“Consider: for all the gobbledygook [film studio] executives spout about backstory, all that we, the audience, want to know is what happens next. That’s the only thing that’s going on. . . . Character is nothing other than action, and character-driven means the plot stinks, and you’d better hope the star is popular enough to open the movie in spite of it.” – David Mamet
It always surprises me, the disparity in the number of high-concept/Studio scripts I read vs. the character-driven/Art-House screenplays. Waaaay more character-driven pieces find their way to me. Why do most new screenwriters write character-driven stuff? It’s not a stretch to say that, often times, they have a personal story taken from their own lives, or from someone they know.
That’s fine. But ask yourself this: What movie are you writing? Studio budget? Art-House? Who is your audience? Should you even concern yourself with such trivialities?
As usual, there are no easy answers. For myself, early on, I never considered my audience. I had something to say, I would say it. Through a certain lens, it’s downright crazy to think that you need the approval of a certain segment of people in order to write what you want to write. Ridiculous!
Of course, I was writing poetry and plays then.
Writing for film? Whole different ballgame.
Unless you have the money. Like I’ve said, if you have the money, then you can write your script in magenta crayon. Write it in 16 fonts and make it 202 pages. You have the $$$$! However, if you’re writing for film, and your movie will cost more than an ATM withdrawal, you might want to consider asking: Exactly who will pay 10+ bucks to see my movie?
Obviously, Napoleon Dynamite didn’t do the business of The Hangover. Charlie Kaufman never had a movie open with the box-office numbers of Shrek, or Shrek 2, or Shrek 3. And for every Sundance passion project with voice and quirky personal vision, there’s a Laura Croft, Tomb Raider, driven, like almost all genre films, by what happens next. So the question, Good Reader, is: What are you writing?
I prefer character-driven, smaller budget scripts. I also feel strongest working the genres of drama or black comedy. These are strengths–for me. Have you identified your own strengths as a writer in terms of genre, in what you feel most comfortable writing? I don’t avoid writing bigger budget projects out of fear of “selling-out.” Somebody, please, tell me where the sell-out door is!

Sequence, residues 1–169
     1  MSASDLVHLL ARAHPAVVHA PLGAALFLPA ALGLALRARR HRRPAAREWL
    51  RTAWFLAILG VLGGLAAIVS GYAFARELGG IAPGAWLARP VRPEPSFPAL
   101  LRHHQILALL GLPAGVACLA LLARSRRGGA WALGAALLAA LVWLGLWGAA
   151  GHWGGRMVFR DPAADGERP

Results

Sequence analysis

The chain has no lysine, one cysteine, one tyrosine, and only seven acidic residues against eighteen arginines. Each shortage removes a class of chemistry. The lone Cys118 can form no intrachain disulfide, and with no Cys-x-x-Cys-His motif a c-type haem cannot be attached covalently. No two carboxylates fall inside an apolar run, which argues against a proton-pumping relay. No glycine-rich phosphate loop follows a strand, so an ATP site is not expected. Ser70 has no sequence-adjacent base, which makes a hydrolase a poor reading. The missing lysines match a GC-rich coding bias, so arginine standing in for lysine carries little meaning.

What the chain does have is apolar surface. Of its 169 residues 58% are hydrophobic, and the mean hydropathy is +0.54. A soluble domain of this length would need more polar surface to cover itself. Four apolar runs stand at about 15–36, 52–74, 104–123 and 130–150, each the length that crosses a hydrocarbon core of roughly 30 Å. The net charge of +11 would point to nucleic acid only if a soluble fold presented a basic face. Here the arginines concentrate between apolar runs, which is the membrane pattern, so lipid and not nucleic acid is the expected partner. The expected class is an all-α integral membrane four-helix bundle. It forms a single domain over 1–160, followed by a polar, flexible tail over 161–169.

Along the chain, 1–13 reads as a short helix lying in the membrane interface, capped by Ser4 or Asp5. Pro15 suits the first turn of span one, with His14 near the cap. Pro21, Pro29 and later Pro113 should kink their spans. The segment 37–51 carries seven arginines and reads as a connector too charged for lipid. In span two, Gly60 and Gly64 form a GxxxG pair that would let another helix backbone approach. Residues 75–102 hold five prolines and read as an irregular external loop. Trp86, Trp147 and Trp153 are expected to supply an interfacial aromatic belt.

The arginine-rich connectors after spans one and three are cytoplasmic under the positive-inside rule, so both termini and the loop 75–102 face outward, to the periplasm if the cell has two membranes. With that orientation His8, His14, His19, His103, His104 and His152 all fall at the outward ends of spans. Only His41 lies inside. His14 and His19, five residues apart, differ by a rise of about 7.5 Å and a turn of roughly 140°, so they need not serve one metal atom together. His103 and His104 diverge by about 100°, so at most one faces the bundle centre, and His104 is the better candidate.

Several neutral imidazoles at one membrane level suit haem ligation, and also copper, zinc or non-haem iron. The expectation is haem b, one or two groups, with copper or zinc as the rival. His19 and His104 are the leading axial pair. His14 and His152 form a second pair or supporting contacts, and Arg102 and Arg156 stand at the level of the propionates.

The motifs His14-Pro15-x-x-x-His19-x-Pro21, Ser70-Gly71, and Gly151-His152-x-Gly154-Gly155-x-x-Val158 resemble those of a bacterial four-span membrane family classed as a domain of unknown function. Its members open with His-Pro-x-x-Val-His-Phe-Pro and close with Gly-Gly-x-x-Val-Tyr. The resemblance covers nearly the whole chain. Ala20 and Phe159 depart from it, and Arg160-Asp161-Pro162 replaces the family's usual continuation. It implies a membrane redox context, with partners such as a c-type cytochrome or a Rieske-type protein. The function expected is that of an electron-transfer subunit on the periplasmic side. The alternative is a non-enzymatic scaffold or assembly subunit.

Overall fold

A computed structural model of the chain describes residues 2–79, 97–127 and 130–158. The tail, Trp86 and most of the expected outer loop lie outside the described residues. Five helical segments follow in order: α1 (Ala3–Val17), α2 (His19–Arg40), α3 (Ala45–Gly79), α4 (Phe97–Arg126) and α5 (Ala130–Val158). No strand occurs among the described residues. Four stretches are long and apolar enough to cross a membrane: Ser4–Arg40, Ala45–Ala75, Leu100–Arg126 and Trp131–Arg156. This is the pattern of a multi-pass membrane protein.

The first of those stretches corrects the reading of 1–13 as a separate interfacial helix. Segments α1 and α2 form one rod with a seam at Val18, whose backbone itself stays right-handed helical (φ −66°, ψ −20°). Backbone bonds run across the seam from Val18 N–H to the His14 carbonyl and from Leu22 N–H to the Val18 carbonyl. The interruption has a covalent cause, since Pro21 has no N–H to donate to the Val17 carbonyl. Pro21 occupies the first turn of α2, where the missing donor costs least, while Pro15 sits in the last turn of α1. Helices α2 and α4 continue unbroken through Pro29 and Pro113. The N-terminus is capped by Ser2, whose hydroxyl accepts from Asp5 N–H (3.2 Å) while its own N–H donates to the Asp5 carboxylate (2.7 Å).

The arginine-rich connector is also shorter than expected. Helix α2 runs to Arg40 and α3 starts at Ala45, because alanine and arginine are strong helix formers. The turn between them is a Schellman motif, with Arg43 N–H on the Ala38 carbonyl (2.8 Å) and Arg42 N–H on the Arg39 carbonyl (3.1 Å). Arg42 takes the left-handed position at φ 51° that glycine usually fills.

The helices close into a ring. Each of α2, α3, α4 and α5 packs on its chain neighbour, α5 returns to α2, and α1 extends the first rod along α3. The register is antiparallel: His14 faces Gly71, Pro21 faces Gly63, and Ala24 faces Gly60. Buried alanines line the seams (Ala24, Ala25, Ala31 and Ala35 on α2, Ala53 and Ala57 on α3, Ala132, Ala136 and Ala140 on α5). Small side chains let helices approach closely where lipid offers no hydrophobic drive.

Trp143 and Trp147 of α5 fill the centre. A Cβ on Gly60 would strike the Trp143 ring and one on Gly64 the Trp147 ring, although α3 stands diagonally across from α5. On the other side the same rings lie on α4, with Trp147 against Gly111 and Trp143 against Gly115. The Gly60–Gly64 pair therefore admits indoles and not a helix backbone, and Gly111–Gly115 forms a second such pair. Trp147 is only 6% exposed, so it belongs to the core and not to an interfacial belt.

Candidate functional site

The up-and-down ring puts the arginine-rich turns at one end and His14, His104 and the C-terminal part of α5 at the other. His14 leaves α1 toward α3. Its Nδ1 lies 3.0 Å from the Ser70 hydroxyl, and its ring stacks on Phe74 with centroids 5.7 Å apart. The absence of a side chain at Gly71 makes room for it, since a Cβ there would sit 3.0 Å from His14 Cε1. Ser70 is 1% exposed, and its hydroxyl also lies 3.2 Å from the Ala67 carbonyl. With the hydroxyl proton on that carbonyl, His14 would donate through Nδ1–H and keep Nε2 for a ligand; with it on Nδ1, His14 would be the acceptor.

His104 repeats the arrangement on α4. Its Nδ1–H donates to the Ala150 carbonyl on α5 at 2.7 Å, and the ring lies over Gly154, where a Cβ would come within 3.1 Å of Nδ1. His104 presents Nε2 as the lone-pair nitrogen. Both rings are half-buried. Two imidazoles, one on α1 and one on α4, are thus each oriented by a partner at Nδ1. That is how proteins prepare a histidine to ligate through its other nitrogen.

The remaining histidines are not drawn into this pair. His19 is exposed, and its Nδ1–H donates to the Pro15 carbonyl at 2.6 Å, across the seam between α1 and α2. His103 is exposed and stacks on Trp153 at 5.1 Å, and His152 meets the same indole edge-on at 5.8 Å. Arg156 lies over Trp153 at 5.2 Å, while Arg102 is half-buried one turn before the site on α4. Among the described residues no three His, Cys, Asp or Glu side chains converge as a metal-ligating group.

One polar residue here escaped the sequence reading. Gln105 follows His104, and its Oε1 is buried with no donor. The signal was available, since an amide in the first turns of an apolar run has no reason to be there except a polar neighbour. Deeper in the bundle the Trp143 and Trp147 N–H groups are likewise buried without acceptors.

It’s probably more the recognition that what the studios buy (remakes, Marvel comics, graphic novels, sequels, and branded entertainment) simply isn’t what I write. My own writing is tailored toward the Indy market, or low-budget self-producing. Try to identify your strengths as a writer and tailor your marketing to attack where you’ll have the most success.
What’s your hook? Does your movie have a killer hook that can be pitched? How about this one: Snakes On A Plane! You get the whole movie in a single sentence! Maybe the hook is a never-before seen character: James Bond, Austin Powers, Harry Potter. A device: A remote control that can stop time… Or a concept: An unscrupulous lawyer can’t tell a lie for 24 hours.
A couple of my students wrote spec episodes for Madmen and Entourage. I encourage this. These specs won’t get made. But writing a killer Entourage episode is a calling card. It can also be used as a writing sample to open doors for you at an agency, and later, possibly lead to assignment work.
Write for yourself first, but know your audience. What’s new and universal about the story? The instinct in Hollywood is to just say no. Why jeopardize a nice gig to greenlight your quirky, touchy-feely Michael Cera/Jon Heder vehicle unless they believe you will make them wheelbarrows-full of money.
In an ideal world, you being THE WRITER, you would concern yourself only with matters of artistic expression. You wouldn’t answer to a single John Boehner-tanned, Davoucci-pleated, Hollywood finochio. And in a non-ideal world? You don’t have the money to make your vision happen. If the studio system isn’t for you, write your script with an appropriate budget, go Art House and market it to Indy circles, and/or the Festival route.
Write every page toward your audience. Infuse the script with what they—and the powers-that-be who greenlight movies—want.
In the darkened dead of night you can still write your Keatsian odes. Nobody will rob you of your inner-poet. We’re talking about getting you over the hump.
Like the Great Poet once said: “Just make it, babe.”
Is this the image in your mind:
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